The Spaceships of Ezekiel
Are there Flying Saucers in the Bible?


What Did Ezekiel See? - Part E


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Chapter 3

What Did Ezekiel See? (Part F)

(Part E)
Go to Chapter Part: A B C D E F  Comments

    The texts quoted above are a further example of Ezekiel's descriptive style.  [p.19] 

    Though Ezekiel was understandably excited during this first encounter, he was able nonetheless to separate reason from emotion for quite a long period of time and to observe and register objectively. But now he is completely overcome by the shock, he has no memory of the flight which lasts only a short while and which concludes the first encounter. He returns to his community, and it takes him a whole week to recover.

    The high degree of attention devoted by Ezekiel to the appearance of the spaceship during the first encounter is not repeated. The wheels alone receive a renewed thorough treatment in the description of the third encounter. However, each time, he explicitly emphasizes the identity of the newly observed spaceship with those of earlier encounters.

    The second encounter has no significance from a technical point of view. During the third encounter, however, a situation loaded with suspense is described, which by all appearances seems to have been caused by the spaceship. The very location of the action is most remarkable since the temple where it takes place is not identical with the Temple of Solomon, where it occurs according to the Bible.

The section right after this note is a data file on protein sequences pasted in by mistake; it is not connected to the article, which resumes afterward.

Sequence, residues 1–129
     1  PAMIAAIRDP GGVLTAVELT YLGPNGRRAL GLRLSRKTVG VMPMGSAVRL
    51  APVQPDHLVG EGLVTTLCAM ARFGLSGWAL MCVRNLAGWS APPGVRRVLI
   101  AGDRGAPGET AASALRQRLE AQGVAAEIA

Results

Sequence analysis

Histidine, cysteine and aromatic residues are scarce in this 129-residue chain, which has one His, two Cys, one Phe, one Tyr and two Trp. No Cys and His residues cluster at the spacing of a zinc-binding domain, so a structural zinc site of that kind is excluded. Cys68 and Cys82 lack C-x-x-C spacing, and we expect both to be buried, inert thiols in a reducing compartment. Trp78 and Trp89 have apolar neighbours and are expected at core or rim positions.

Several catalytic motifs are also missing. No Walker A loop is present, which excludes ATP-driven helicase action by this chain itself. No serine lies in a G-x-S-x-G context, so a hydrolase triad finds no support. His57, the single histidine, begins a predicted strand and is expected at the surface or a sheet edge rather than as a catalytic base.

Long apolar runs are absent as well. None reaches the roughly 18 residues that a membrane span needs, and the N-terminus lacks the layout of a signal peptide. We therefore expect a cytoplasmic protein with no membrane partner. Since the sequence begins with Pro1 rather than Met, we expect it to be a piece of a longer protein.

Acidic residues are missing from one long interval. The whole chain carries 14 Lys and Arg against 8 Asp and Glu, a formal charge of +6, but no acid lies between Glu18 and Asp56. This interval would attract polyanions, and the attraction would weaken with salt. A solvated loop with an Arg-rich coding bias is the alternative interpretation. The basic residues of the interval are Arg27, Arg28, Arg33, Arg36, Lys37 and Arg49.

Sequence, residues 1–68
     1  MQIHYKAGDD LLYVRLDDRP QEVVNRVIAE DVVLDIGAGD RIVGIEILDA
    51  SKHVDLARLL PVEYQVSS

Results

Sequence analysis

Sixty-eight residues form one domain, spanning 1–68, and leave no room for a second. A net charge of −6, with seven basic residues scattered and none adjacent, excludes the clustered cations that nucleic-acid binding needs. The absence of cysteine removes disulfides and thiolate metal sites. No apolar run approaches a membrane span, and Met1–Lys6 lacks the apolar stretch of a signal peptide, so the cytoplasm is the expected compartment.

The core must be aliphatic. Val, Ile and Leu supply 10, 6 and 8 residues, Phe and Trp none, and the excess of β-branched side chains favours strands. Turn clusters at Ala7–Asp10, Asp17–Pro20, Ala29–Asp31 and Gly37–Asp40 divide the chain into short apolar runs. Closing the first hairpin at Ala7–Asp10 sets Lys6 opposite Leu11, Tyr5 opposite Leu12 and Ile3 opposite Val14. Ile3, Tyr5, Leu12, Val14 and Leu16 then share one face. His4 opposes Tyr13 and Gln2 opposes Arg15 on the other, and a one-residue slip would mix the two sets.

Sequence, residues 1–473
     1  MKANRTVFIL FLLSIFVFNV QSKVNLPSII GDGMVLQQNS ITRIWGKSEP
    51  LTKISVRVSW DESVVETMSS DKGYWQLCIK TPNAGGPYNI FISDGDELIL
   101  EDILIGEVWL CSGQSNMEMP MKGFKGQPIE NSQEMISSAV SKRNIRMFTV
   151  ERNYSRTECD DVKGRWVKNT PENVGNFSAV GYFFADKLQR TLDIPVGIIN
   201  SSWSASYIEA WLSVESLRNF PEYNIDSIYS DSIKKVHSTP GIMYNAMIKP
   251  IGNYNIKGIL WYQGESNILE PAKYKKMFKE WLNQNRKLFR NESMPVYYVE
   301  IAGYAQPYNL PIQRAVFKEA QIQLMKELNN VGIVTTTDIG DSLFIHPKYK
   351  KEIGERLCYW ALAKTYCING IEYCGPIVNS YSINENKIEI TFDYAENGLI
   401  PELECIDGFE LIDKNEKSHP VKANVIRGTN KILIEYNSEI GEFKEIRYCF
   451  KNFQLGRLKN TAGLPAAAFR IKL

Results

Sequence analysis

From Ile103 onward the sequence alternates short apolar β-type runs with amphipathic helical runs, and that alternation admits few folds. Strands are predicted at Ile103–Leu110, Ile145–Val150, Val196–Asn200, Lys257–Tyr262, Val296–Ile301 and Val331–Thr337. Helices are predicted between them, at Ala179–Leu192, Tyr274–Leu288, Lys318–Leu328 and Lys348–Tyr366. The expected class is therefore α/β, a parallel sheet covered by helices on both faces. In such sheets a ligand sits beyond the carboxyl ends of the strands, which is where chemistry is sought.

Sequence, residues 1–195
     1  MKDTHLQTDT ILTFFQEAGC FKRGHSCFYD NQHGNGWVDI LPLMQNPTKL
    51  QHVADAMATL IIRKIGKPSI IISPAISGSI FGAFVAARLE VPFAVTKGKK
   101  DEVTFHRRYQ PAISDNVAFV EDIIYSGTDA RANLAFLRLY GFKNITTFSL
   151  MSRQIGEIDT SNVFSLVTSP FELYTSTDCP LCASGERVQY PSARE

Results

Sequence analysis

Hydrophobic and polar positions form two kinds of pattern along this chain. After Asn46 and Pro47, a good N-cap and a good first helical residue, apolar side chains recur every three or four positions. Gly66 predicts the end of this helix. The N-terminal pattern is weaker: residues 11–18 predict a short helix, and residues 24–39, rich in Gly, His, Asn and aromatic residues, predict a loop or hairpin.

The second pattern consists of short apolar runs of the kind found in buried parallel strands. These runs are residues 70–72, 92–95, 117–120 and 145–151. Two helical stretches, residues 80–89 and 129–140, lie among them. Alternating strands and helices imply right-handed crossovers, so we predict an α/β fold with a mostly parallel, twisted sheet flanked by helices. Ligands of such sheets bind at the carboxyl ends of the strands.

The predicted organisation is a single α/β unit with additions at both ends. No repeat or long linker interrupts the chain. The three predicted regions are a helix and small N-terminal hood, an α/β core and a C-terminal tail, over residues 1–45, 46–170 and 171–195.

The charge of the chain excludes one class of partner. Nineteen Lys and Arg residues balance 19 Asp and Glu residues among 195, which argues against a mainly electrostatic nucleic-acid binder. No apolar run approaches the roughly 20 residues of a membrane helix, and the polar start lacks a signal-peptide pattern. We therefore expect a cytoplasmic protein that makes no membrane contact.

The commander has taken Ezekiel on a flight and lands his spacecraft in the inner court of the temple. Immediately after the landing he summons a ground crew. Seven men come out of a gate and align themselves before the commander. They receive orders and leave. The commander is standing in the court of the temple with Ezekiel, when one of the men returns and—in a military fashion—reports: "I have done as thou didst command me." This man is distinguished from the others by his clothes which look as though they were made of linen but which soon turn out to be a protective suit. All of them carry equipment unknown to Ezekiel. None of these men is notably different in body shape or movements from humans as they are known to him.  [p.20] 

    The action now focuses on the spaceship on which some necessary manipulations are carried out; they may even have been the reason for this landing. The commander, standing at the entrance of the temple building, orders the man to go to the spaceship and to take a position close to one of the helicopter units. The very short distance between that man and the glowing radiator of the reactor now makes the need for a protective suit understandable.

    A mechanical arm picks a red-hot component from the interior of the body of the spaceship and passes it on to the man in the protective suit, who leaves at once carrying it with him.

    By all appearances this was a critical procedure because the commander took good precautions, at least for himself: on the one hand he had taken his capsule from the spacecraft and brought it close to him by remote control, so that he could use it in case of an emergency for removing himself speedily to a safe place. On the other hand we learn that yet a second spaceship was in the vicinity. It could have picked up the commander in case of emergency.

    However, the well-prepared procedure is carried out without incident. The commander flies in the capsule back to the spaceship and starts it immediately for a short "leap" into the outer court. Ezekiel is taken to him, he receives his instructions, then watches the takeoff and the flight of the spaceship by which he had arrived, and is afterward flown back to his community by the second spaceship. Incidentally, after recovering from the shock of his first flight, Ezekiel enjoys his ensuing flights as wonderful experiences.

    A pause of some nineteen years follows. During this period, Ezekiel makes no mention whatever of any new encounters with spaceships.  [p.21] 


       What Did Ezekiel See? (Part F)